Canada: UBC Opts Out of Access Copyright Agreement
UBC [U. of British Columbia] has announced that it won’t be returning to Access Copyright.
The Association of Canadian Colleges and Universities (ACCU), of which UBC is a member, agreed to draft a deal with Access Copyright, a publishing organization that centrally controls rights for academic materials such as course packs. Access Copyright had been performing that role for UBC until 2011, but UBC, after reviewing the ACCU deal, has decided they’re not going to sign up.
“We showed that we could live without the interim tariff and things went quite well for the last year since September,” said Allan Bell, UBC director for library digital initiatives.
“[It] went so well, in fact, that we think we can continue on that course, and that’s what we’ve decided to do.”
Bell said dealing with licensing in-house hasn’t been negative for UBC. “It actually gets us talking about intellectual property rights, it’s better financially for taxpayers and our students and it hastens our adoption of forward-looking digital technologies for teaching and learning,” he said.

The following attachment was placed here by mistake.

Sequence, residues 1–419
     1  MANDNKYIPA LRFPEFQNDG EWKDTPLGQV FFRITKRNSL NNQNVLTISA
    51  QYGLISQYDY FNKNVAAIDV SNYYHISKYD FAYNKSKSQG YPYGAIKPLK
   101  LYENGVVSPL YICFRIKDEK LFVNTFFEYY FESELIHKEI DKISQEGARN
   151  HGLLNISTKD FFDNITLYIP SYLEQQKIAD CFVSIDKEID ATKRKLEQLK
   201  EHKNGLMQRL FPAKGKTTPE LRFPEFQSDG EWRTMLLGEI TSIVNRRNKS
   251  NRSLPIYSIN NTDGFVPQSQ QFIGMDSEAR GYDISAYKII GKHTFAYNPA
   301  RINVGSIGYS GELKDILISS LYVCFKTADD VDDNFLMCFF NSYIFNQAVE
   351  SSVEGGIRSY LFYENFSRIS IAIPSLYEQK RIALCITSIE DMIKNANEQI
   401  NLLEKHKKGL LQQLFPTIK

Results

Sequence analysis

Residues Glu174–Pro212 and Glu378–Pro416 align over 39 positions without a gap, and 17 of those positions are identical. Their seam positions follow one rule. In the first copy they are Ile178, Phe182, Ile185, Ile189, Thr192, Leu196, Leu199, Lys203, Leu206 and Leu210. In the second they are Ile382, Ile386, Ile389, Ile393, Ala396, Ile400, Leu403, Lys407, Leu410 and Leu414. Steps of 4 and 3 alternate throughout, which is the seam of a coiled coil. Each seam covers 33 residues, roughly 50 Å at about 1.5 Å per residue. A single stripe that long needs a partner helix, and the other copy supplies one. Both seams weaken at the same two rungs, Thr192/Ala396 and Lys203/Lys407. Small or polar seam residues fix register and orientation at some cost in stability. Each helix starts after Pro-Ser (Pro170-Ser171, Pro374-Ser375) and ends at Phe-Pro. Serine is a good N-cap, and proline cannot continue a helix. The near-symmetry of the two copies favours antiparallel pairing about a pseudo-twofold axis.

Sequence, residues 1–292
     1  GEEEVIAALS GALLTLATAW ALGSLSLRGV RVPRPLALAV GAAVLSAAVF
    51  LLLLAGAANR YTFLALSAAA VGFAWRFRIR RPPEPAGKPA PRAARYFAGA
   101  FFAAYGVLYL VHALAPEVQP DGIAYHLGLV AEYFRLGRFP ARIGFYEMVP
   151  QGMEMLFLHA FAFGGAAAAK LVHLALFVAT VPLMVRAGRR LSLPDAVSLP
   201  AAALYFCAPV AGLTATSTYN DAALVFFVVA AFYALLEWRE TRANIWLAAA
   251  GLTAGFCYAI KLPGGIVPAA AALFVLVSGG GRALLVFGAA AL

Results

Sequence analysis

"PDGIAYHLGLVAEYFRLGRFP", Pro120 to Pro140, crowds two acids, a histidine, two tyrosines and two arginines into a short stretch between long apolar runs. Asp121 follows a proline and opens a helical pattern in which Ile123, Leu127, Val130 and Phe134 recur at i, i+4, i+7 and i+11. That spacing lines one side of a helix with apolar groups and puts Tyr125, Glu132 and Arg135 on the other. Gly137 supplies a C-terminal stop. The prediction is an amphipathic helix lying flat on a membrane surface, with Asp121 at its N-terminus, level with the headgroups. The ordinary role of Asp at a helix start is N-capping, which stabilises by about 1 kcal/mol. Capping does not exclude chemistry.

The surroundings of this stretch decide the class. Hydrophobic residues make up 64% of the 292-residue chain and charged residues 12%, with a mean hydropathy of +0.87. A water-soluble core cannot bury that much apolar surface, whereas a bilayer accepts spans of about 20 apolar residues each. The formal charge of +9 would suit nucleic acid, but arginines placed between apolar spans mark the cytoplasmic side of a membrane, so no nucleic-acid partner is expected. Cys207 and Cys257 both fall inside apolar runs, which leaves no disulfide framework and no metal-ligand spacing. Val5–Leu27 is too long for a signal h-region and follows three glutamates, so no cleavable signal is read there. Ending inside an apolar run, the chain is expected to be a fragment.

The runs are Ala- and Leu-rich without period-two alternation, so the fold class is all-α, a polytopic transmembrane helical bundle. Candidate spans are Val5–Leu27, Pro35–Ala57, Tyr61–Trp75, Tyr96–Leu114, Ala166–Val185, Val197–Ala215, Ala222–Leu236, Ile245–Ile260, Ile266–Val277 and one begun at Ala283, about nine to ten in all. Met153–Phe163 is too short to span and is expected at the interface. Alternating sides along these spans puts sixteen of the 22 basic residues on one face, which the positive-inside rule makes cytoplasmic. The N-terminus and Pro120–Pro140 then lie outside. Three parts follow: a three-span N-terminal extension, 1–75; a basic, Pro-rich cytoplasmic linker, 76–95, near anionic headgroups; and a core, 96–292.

“People actually have a much greater understanding of their obligations under the Copyright Act that maybe they didn’t have before.”
About Gary Price
Gary Price (email@example.com) is a librarian, writer, consultant, and frequent conference speaker based in the Washington D.C. metro area. He earned his MLIS degree from Wayne State University in Detroit. Price has won several awards including the SLA Innovations in Technology Award and Alumnus of the Year from the Wayne St. University Library and Information Science Program. From 2006-2009 he was Director of Online Information Services at Ask.com. Gary is also the co-founder of infoDJ an innovation research consultancy supporting corporate product and business model teams with just-in-time fact and insight finding.